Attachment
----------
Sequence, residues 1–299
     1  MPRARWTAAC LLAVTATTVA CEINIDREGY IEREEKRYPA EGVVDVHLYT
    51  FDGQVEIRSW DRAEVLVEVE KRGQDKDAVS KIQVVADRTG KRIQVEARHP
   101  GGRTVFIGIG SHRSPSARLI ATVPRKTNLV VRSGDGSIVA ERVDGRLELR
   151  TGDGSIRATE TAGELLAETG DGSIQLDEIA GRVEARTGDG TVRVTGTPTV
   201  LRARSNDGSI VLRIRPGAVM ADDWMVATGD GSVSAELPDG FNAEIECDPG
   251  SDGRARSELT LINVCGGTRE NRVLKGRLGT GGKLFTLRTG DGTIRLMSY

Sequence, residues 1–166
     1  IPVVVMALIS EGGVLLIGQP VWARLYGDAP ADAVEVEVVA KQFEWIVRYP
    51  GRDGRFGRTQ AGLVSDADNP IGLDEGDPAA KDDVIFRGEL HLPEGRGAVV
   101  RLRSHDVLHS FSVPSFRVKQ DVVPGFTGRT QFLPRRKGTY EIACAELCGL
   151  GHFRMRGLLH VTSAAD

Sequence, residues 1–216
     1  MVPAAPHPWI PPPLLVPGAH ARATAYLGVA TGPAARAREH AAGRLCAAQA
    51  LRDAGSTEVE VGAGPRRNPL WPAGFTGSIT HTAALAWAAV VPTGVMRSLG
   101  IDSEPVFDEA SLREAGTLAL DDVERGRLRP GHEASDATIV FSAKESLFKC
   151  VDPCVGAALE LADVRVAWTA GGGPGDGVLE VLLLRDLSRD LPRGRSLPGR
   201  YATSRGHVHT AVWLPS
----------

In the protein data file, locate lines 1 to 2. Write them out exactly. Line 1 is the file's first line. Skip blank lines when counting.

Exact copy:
Sequence, residues 1–299
     1  MPRARWTAAC LLAVTATTVA CEINIDREGY IEREEKRYPA EGVVDVHLYT